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Alchemy as a Means of Self-Knowledge in an Era of Pessimism and Hope

In this age marked by deep pessimism, yet also by a glimmer of hope, the quest for balance and one’s own ‘raison d’être’ becomes paramount. We must not be deceived: the path to this balance is long and full of obstacles. It’s a lifelong endeavor, as our environment is constantly evolving. Just when we believe we have achieved equilibrium, it is often challenged by external events.

The journey towards balance begins with self-knowledge, a concept echoed through various esoteric traditions. Several tools help refine this understanding: astrology is one, alchemy another. In this article, I wish to delve into the latter. Indeed, I believe that life consists of multiple learning cycles in which we refine our awareness of ourselves and our place in the present moment.

The alchemical process mirrors the stages of the “hero’s journey” as described by Joseph Campbell. This article explores the similarities between these two approaches.

Achieving the “Great Work” in alchemy requires three major phases, a symbolic number in many traditions. These are the nigredo (black work), albedo (white work), and rubedo (red work). This process involves separating the elements of a body or principle to purify them, then reassembling them to discover their essence. Applied to self-knowledge, this symbolizes the personal work needed to shed limiting beliefs and embrace one’s true nature, thereby finding one’s place in the world. For Freemasons, this is akin to chiseling the rough stone until it fits perfectly into the edifice of a better, unified world.

In alchemical language, Sulfur and Mercury must be separated. Sulfur represents the inner fire, an active masculine principle, or the internal force that drives us to act. Mercury, a receptive feminine principle, is the vessel for this inner fire, embodying divine intelligence, the principle of life, or universal energy. While Sulfur relates to celestial and intuitive influences, Mercury is tied to earthly ones. From the inner action of Sulfur and the outer reaction of Mercury arises Salt, a neutral zone where the opposing forces of Sulfur and Mercury stabilize. In other words, the body (Salt) is the manifestation site of the encounter between the soul (Mercury) and spirit (Sulfur). Hence, the importance of listening to the body, as it informs us about the state of the soul and spirit.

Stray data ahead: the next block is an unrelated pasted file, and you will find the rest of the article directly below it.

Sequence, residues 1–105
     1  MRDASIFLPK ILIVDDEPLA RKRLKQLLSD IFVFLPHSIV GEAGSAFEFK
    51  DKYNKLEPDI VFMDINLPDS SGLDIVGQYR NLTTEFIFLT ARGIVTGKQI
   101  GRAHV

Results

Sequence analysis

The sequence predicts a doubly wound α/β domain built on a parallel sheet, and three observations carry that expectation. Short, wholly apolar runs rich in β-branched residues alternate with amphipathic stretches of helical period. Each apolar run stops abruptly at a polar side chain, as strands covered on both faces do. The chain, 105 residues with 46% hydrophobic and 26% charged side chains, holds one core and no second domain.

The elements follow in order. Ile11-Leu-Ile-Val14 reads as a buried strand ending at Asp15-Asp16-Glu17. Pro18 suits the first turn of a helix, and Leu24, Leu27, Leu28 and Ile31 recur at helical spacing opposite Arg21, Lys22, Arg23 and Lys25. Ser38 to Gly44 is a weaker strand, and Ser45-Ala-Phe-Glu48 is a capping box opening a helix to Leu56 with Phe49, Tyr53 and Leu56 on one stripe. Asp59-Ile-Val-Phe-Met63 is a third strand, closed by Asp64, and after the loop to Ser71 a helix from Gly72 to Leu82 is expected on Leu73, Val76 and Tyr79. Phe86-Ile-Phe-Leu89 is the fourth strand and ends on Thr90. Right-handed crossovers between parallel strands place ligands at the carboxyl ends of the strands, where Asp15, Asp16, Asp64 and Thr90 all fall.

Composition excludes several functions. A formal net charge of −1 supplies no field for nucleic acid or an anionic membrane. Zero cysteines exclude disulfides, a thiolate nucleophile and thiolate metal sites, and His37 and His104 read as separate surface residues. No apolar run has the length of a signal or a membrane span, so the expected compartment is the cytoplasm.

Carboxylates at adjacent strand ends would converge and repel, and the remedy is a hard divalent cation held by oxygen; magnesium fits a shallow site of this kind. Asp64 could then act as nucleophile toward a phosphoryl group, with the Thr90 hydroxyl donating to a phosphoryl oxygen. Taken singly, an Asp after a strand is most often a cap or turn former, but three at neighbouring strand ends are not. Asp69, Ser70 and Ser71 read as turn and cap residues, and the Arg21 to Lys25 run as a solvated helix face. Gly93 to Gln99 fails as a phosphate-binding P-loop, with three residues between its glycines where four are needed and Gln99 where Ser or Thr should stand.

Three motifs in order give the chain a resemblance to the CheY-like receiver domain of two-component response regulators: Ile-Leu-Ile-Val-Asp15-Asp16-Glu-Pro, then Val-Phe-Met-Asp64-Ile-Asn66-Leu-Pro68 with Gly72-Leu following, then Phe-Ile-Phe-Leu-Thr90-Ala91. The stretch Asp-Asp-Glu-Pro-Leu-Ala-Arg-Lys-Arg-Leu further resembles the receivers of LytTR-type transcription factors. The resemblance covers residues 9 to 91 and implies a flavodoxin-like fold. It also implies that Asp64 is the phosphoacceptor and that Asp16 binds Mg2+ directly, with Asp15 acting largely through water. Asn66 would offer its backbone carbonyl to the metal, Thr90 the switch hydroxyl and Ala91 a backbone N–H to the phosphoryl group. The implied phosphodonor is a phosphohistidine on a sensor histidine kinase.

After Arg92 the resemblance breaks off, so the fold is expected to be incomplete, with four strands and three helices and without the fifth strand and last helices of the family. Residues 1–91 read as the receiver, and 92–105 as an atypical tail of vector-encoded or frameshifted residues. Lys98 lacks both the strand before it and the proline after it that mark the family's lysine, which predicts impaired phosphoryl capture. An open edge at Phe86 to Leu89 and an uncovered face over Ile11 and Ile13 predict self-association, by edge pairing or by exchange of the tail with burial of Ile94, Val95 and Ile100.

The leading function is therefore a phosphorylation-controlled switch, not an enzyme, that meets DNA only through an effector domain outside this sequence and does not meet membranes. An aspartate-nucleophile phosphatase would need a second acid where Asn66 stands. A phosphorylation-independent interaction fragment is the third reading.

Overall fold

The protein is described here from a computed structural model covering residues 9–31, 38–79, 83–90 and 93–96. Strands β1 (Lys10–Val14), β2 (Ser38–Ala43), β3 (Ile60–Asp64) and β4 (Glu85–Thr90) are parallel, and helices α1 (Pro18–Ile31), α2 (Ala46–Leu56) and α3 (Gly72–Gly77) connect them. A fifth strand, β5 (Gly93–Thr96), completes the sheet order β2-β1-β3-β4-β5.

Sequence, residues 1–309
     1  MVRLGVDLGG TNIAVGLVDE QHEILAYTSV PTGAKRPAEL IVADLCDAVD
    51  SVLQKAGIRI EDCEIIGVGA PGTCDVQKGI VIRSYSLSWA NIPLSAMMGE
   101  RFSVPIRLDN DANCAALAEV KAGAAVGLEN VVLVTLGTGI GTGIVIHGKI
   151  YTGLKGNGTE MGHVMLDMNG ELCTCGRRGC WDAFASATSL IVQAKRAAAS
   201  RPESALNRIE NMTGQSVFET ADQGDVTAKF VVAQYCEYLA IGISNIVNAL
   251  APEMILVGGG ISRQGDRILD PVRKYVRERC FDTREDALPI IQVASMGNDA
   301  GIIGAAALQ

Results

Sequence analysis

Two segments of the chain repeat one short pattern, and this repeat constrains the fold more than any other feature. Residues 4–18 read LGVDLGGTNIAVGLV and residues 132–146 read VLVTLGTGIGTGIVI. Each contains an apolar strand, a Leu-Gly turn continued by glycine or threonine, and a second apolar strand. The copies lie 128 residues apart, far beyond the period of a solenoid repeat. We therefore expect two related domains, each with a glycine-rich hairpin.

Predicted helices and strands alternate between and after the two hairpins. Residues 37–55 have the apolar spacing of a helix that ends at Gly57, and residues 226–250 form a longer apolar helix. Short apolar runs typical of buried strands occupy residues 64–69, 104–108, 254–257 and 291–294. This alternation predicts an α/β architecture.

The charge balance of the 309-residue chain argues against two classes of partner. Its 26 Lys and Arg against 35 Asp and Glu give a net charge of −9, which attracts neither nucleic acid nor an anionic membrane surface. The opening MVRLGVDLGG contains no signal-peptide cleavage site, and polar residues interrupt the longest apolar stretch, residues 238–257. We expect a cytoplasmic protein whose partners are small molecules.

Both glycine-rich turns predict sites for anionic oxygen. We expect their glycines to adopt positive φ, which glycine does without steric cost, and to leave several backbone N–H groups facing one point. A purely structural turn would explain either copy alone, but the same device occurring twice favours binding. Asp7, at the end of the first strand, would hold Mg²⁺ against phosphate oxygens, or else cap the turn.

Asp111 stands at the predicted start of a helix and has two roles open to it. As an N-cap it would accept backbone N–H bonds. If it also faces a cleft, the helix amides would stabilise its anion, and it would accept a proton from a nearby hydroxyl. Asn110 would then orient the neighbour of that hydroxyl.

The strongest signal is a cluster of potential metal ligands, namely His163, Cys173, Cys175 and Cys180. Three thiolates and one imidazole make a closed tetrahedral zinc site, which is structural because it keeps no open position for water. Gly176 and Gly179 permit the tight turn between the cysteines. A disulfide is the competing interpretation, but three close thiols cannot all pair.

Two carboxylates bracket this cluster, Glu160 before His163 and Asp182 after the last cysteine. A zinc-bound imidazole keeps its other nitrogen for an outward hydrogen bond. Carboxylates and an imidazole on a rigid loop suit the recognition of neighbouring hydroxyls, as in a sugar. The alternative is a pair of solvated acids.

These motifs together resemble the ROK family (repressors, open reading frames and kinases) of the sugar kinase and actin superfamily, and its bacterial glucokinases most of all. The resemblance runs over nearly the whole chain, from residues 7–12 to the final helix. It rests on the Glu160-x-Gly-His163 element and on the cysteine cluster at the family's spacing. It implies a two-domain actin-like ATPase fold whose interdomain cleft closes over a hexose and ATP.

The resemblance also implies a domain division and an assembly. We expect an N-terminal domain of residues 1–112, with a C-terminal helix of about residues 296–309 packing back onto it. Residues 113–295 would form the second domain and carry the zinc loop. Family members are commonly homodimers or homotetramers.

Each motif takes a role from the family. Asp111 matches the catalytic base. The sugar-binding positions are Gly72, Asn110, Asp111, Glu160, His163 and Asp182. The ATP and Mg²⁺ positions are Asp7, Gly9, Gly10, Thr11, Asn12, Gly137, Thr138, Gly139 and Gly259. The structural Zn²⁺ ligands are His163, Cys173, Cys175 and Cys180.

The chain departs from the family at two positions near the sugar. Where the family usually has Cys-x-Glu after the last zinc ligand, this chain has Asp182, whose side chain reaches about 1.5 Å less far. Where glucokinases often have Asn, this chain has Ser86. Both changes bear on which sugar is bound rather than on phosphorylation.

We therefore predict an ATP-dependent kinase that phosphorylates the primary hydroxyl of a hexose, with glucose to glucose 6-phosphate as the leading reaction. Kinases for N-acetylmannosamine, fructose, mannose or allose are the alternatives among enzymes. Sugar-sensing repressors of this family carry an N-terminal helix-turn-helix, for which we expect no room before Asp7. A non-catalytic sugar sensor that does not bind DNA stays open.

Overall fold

But let’s return to the three alchemical transformation processes.

First, the nigredo, under the sign of Saturn, involves death, the dissolution of mercury, and the coagulation of sulfur. This stage is about becoming aware of and abandoning limiting thoughts. In Campbell’s journey, it represents the departure or separation phase, including the call to adventure, refusal, external aid, crossing the first threshold, and the “belly of the whale,” symbolizing the point of no return. This departure is often triggered by an external event: bereavement, marriage, meeting a guru, etc.

Next, the albedo, under the sign of the Moon, signifies purification and cleansing. For Campbell’s hero, this is the initiation phase with its trials, which, through synchronicity, teach what must be learned. Each event, whether joyous or not, has a meaning aimed at helping you understand who you are, strengthening you, and leading you to autonomy by freeing you from people or beliefs that hold power over you.

Finally, the rubedo, under the sign of the Sun, represents the union of Mercury and Sulfur. In the hero’s journey, this is the return phase after trials that have transformed the hero. At the end of this stage, the individual can finally live freely and peacefully.

And this process repeats several times throughout a life because “chiseling one’s stone” takes years.

To conclude, a small exercise: Recall an event, happy or otherwise, that has turned your life upside down. What happened? Did you identify your guides, your obstacles? What did you learn?

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